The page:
Friday, January 22, 2016

Brief Snippet

To prove that I, and Recompense, are still alive:


Recompense is approaching publication, and all preview excerpts on this blog have been deleted. However, any confirmed reader who leaves a review for either Athame or Wrath is entitled to a free preview of Part One of Recompense. Just leave a review and send me an email to morganalreth (at) gmail (dot) com with the link, or if you already have reviewed, just end the link. I will return a preview file in either PDF or Kindle format, as preferred.


Monday, January 18, 2016

Writing A Character From A Different Culture

It's a challenge that I have always struggled with. A recent example of this situation caught my eye yesterday.

I used to write fanfiction, that's how I got started. I still read the stuff. I was reading a story set in the universe of a a sci-fi series with multiple non-human races. Doesn't matter which one. The point is that tv programs produced in the US are written by Americans. No matter what kind of makeup or costume they wrap the actors in, the 'aliens' on shows like that almost always think and act like modern Americans. However, this story was different.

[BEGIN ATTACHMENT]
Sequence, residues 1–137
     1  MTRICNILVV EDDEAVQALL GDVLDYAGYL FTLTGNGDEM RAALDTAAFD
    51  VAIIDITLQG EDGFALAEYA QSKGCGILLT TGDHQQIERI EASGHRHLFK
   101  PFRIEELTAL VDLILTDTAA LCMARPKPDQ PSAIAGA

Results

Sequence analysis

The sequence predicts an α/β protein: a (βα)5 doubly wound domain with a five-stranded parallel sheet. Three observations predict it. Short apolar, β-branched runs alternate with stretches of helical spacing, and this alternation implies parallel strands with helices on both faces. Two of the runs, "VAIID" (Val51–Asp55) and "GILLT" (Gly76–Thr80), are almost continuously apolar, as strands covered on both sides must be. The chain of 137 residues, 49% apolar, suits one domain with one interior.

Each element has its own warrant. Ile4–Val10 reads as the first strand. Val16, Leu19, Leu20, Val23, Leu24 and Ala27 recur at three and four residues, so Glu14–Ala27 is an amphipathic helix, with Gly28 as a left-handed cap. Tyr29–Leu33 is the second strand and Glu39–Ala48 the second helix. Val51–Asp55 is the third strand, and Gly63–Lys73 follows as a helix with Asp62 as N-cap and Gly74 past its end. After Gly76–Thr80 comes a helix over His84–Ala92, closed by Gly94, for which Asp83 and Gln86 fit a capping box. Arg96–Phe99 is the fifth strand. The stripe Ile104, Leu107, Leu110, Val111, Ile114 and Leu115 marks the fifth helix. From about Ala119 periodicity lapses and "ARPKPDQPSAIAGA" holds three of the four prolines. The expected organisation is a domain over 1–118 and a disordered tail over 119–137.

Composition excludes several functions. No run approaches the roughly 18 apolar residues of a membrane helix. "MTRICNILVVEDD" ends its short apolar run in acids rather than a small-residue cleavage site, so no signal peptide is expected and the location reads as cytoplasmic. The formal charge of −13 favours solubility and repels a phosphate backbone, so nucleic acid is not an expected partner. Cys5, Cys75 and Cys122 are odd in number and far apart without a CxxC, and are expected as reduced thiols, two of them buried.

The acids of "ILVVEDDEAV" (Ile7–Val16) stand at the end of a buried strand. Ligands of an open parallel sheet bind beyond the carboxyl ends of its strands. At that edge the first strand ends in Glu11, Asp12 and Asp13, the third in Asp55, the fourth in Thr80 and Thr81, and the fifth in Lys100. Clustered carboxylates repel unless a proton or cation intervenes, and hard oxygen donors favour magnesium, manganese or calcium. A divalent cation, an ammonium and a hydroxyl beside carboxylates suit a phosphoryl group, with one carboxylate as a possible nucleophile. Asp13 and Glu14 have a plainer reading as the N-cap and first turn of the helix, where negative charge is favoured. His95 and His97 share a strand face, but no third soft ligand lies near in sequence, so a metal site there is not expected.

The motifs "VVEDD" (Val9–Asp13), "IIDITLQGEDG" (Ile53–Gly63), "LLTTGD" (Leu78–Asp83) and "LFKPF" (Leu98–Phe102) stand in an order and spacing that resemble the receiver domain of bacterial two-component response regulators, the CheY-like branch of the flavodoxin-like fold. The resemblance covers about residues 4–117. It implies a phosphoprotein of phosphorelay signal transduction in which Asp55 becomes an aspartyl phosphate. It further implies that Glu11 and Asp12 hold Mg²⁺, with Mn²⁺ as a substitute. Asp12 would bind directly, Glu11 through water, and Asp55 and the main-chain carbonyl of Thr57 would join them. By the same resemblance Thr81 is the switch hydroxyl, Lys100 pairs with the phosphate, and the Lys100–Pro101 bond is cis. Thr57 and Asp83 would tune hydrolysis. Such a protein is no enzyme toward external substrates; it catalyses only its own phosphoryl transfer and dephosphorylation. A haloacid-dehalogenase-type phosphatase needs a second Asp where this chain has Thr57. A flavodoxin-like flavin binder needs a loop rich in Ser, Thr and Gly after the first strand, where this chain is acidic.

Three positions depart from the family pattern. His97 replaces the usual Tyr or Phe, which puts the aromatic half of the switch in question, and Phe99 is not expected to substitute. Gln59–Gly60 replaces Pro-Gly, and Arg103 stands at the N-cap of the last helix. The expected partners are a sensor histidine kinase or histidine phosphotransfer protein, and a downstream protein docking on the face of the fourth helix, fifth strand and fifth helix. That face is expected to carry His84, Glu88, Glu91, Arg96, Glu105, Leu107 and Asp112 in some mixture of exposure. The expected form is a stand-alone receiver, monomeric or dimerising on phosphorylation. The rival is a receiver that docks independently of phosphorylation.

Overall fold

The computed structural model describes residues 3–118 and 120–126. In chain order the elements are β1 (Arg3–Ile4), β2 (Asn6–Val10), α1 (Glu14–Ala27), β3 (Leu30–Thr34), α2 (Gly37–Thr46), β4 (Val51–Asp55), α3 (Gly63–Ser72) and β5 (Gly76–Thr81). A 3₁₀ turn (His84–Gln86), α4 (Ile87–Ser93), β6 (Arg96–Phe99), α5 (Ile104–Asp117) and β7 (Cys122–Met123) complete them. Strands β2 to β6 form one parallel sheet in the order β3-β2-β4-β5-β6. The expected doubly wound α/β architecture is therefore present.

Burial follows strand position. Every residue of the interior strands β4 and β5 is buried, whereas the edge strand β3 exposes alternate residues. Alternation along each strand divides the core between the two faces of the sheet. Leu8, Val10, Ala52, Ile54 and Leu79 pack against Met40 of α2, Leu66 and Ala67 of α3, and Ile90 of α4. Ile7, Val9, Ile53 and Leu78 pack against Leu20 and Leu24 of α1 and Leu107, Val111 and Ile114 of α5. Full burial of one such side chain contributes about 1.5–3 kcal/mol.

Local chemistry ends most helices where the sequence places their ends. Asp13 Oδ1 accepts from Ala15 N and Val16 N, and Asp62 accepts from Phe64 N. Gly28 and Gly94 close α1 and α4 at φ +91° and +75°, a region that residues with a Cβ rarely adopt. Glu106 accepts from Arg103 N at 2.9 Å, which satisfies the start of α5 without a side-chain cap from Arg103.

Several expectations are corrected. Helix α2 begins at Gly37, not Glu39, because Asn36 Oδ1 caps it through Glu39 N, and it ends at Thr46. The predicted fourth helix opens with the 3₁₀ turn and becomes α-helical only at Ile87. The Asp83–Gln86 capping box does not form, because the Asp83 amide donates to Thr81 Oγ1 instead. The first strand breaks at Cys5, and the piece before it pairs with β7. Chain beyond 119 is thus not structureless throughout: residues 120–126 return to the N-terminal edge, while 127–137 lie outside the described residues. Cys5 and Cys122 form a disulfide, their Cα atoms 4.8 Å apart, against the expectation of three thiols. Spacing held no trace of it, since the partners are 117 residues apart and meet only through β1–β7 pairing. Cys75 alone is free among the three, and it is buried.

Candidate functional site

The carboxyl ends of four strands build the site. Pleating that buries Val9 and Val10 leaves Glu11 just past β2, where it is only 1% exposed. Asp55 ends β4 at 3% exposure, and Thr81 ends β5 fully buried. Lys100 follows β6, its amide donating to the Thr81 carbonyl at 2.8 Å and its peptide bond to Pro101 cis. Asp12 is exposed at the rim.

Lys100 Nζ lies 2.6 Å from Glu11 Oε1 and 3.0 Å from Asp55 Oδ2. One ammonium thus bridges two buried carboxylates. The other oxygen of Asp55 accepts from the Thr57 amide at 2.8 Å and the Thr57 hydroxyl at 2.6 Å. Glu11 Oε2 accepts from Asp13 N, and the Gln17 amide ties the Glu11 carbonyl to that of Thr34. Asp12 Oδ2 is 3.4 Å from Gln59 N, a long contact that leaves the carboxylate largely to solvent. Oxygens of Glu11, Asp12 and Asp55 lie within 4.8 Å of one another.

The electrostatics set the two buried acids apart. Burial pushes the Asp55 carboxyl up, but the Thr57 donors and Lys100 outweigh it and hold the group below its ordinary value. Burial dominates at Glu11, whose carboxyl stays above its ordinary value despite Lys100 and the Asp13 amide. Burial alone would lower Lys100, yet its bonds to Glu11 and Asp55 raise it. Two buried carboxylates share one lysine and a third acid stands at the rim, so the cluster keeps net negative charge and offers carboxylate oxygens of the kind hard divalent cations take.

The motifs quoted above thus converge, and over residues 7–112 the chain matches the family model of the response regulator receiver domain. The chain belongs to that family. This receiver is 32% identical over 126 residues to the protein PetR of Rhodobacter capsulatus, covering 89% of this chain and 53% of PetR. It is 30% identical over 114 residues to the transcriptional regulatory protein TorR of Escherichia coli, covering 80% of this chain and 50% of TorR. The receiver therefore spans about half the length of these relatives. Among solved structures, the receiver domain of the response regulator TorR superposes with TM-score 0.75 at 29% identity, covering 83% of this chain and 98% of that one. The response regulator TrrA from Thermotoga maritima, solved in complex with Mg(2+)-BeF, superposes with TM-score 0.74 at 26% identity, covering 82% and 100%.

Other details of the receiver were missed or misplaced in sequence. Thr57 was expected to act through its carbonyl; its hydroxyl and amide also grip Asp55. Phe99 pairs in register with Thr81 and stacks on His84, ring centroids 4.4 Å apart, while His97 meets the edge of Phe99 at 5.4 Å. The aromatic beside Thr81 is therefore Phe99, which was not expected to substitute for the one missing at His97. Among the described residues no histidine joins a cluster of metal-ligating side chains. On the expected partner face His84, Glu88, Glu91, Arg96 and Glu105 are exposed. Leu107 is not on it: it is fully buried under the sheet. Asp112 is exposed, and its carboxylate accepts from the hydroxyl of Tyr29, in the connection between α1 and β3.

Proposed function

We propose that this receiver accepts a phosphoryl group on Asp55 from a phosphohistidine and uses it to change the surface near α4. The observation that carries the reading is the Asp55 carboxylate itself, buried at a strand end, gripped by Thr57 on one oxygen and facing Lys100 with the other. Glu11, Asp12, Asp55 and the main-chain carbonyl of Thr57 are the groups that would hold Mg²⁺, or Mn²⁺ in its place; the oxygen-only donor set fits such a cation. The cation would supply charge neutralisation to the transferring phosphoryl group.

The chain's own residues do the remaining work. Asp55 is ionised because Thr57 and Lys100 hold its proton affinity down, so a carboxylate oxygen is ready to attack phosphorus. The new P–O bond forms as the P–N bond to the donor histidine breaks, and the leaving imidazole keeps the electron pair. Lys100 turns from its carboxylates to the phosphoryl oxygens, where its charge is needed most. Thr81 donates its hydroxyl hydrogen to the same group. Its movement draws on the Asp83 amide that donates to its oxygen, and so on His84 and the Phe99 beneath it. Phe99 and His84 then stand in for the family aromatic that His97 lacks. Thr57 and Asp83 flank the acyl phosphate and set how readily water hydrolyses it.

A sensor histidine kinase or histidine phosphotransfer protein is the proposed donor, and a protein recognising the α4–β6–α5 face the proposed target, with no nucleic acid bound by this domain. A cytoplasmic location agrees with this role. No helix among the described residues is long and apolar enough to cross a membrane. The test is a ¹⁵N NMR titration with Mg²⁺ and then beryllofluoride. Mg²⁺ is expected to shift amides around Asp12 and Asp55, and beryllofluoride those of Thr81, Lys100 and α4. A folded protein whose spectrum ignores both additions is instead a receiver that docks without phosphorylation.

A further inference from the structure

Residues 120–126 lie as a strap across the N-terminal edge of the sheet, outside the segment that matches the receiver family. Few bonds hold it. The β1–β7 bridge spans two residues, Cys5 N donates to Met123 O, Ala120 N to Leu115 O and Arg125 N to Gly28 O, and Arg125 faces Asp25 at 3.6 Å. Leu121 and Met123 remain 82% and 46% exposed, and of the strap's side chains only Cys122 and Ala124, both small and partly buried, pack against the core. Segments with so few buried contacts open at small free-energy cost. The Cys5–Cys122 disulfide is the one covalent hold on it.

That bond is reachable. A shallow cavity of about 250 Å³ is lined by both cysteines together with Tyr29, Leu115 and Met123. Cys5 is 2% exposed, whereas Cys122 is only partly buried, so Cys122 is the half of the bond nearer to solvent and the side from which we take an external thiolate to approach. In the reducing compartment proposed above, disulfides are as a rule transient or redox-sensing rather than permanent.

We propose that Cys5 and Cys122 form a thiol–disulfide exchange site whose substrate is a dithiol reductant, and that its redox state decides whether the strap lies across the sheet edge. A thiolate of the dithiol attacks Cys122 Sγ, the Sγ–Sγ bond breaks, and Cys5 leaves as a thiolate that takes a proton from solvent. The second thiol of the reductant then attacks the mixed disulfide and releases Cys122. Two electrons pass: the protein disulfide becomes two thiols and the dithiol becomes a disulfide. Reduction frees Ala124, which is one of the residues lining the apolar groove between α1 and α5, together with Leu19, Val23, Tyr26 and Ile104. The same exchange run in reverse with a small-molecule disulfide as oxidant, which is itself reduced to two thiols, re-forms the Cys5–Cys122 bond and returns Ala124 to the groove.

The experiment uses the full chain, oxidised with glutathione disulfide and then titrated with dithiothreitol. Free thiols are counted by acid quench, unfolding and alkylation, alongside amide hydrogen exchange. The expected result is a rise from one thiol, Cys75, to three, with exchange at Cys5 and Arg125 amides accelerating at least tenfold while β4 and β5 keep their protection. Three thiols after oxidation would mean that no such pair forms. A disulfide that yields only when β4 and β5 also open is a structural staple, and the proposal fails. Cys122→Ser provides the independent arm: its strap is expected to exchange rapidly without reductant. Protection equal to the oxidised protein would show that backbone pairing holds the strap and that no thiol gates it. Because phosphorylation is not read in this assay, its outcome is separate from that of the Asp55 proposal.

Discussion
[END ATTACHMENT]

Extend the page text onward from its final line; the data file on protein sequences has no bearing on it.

This particular fanfic includes an alien character that was forced to make a difficult decision. She married a human, and used genetic engineering to artificially craft a child with him. Her government vehemently disapproved. Her government ordered her to abandon her husband and her baby, and return home to resume service to her people. She obediently left her child behind to be raised by the father, and never looked back. It broke her heart. But she did it because her ethical system considered obedience to authority, and the needs of her people at large, as being greater than anything else.